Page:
Conquest states can grow rapidly but inevitably fall back at some point, or seperate into self governing regions by way of rebellion and such. Rome was not immune from those forces. I might also argue that the somewhat dubious loyalty of the legions was not helping. In describing the situation where a society develops due to competition you need to be aware of the balancing factor of the cost of that conflict. Ok, you might want to jump on me over that point, but the early republic had the advantage that it never had to spend as much on defence or security as the late empire. In the early republic we see a society that was very focused indeed. By tradition they threw out the kings because Tarquin the Proud had gone too far by raping Lucretia. A rape in the late empire would hardly raise any eyebrows would it? The early republic was a society ready for expansion. The late empire was already fragmented and a candidate for collapse, yet it survived for some time despite the migration of wealth to the eastern empire. Is that not some evidence of a latent military and moral arete? Or, given the changes I mentioned above, evidence of local military and moral arete? The late empire was after all home to tribal populations settling under the roman umbrella attracted by tax breaks designed to entice these people to the roman side.

 

I realize Rome's early empire was forged on its ability to absorb its neighbors before its neighbors absorbed it. Within an anarchic international system this is even necessary. But I still think the height of Roman civilization came with the Roman Peace, with Hellenistic style monarchs relatively free to fund culture and infrastructure, rather than locked in a death struggle with their neighbors.

Many people would. The policies of Hadrian may have failed to generate the 'roman state' that Hadrian would have preferred and strove toward, but his successors lived within its wake. Antoninus Pius had nothing like the oversight of his provinces that Hadrian did, preferring to return to infeudated control rather than the direct inspection that saw Hadrian travel around his empire for half his reign. Marcus Aurelius would have done the same had not the dam burst, but then, without the inspections were the legions as battle-ready after prolongued peace? I think not. Armies are never as sharp in peace as in war, which is why modern states see foreign brush wars as so useful for experience and training of the forces sent to keep the peace, the only proviso there being that the war doesn't escalate to the level it becomes too costly or embarrasing.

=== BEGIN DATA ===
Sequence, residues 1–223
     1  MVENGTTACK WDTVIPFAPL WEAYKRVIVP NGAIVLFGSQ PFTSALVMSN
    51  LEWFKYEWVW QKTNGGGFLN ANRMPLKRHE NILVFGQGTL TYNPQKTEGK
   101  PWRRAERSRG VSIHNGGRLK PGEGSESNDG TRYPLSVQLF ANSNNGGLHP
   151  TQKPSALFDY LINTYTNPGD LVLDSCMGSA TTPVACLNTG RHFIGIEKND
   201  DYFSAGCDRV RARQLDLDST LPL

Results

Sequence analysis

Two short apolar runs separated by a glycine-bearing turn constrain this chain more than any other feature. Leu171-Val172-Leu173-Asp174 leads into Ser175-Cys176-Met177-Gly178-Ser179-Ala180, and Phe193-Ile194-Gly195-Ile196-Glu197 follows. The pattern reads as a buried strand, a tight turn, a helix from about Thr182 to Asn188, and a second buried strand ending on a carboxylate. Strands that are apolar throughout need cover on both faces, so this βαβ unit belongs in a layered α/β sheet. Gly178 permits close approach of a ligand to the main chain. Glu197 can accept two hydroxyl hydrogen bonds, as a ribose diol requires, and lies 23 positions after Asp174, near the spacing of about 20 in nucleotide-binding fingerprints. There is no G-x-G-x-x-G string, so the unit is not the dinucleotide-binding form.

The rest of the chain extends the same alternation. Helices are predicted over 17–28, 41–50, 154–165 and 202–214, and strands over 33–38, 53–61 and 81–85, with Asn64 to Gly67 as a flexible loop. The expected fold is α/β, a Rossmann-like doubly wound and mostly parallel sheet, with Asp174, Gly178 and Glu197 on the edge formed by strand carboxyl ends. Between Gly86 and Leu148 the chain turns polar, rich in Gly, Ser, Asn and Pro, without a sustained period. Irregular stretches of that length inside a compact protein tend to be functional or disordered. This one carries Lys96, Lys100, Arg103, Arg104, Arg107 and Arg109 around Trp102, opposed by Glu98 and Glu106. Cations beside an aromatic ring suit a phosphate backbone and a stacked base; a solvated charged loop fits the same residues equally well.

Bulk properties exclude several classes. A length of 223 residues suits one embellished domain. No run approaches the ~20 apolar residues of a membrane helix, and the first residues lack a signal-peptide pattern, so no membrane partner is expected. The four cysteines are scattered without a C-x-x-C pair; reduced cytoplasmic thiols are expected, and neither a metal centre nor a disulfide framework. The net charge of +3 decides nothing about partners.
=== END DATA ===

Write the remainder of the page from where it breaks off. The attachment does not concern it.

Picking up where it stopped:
From a cultural point of view then perhaps the Pax Imperium was an apogee of hellenistic civilisation. Thats an acceptable standpoint, but it doesn't take into account peripheral factors. The failure of the roman world to spread its ideals and culture within its own empire was illustrated by Hadrians war with the Jews, a conflict that caused heavy casualties and caused Hadrian to omit the usual 'The legions are in good order' quote in his report to the senate. From a centralised view then the Pax Imperium was succesful - but it was living on borrowed time. Hadrian had placated his enemies and attempted to secure the boders with those he had no leverage over. Those external were nonetheless still there and hadn't been eliminated as security problems in the long term. Those external threats were gathering strength, becoming organised, leaving Marcus Aurelius to face a 'barbarian conspiracy' that saw deep incursions and wars lasting almost twenty years. In what way was that a success of the Pax Imperium?